I love silent film facts and I’ve found another minefield of them at the WordPress belonging to Fremont Libraries. Here’s some crackers, so do enjoy:
The star of Rex Ingram‘s classic, The Four Horsemen of the Apocalpyse, was Rudolph Valentino, of which was a fact that was previously covered on this Blogsite. However, what I didn’t know was that his christening name was ‘Rodolfo Alfonso Raffaelo Pierre Filibert di Valentina d’Antonguolla Guglielmi’. Now that’s a mouthful alright, but of course he was more well-known as ‘The Great Lover’. As we all know, Valentino died at a young age: 31 and his funeral was a spectacle of massive proportions. But here’s an interesting fact. Seemingly, legend has it that a mysterious Lady in Black still brings flowers to his grave every year on the anniversary of his death. Rumour has it that the current lady in black is not the original, but the identities of any of these Ladies in Black over the past 90 odd years has never been conclusively determined.
One of the great silent film actors of the day, John Barrymore was known “the Great Profile”. John was reluctant to enter the family-acting business. He actually wanted to be an artist and studied art in England to achieve that goal. He was a cartoonist for the New York Evening Journal. John Barrymore is known mostly for his portrayal of Hamlet and for his roles in movies like Dr Jekyll & Mr Hyde (1920), Grand Hotel (1932), Dinner at Eight (1933), Twentieth Century (1934), and Don Juan (1926), the first feature length movie to use a Vitaphone soundtrack.
Thomas Hezikiah Mix was one of the most famous of the silent film cowboys. He was well remembered for conducting his own stunts, for his lavish lifestyle, and what is claimed on the Wilkipedia website as the somewhat embroidered story of his past. One incident of his legacy states that when an injury caused football player John Wayne to drop out of USC, Mix helped him get a job moving props in the back lot of Fox Studios. Like his fellow actor, Ronald Reagan, John Wayne was hugely influenced by Tom Mix, and their acting styles as cowboys were said to be based on the silent film great.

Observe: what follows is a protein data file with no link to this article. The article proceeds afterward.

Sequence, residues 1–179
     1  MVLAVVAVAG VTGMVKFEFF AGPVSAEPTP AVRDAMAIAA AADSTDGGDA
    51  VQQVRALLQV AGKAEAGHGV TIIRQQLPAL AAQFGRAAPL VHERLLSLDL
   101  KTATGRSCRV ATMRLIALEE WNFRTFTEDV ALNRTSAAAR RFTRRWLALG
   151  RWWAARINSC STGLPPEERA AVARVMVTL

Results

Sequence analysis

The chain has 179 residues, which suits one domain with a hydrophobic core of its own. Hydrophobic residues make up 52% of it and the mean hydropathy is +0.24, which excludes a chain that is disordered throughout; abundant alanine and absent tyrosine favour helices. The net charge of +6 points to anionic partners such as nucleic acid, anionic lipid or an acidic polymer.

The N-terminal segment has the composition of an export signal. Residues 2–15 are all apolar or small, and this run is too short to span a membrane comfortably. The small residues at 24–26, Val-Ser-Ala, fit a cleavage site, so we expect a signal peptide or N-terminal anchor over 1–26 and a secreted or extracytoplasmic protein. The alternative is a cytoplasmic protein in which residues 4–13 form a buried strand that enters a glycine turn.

Back during the silent-era, Lillian Gish was known as the ‘Iron Horse of Hollywood’, and although she appeared as a fragile creature on-screen, nothing could be further from the truth in reality. When she was four, she joined a traveling acting company to help support her family. At some stage, Mary Pickford introduced her, and her sister Dorothy, to D. W. Griffith. And so, another silent film legend began!
Theda Bara‘s (Theodosia Goodman) on-screen character was identified the world over as that of a ‘Vamp’. Her character was that of a wicked woman of exotic sexual appeal, who lured men into her web, only to ruin them. Although this image truly suited her character, much of her image and purported biography were created by the studio. It was popular during the silent-era to promote an actress as mysterious, with an exotic background. Bara was promoted by the studio with a massive publicity campaign, billing her as the Egyptian-born daughter of a French actress and an Italian sculptor. It was claimed that she had spent her early years in the Sahara Desert under the shadow of the Sphinx, before moving to France to become a stage actress. The truth of the matter was that Theda Bara had never been to Egypt or to France. She was called the Serpent of the Nile and she was encouraged to discuss mysticism and the occult when she was being interviewed. It is regarded by film historians that it was at this point that the birth of two Hollywood phenomena can be traced back to: the studio publicity department and the press agent, and so the great giant of Hollywood public relations was born.
PS: Don’t forget to click on the links for more info! See y’all next week.
Posted by Michael ‘Charlie’ McGee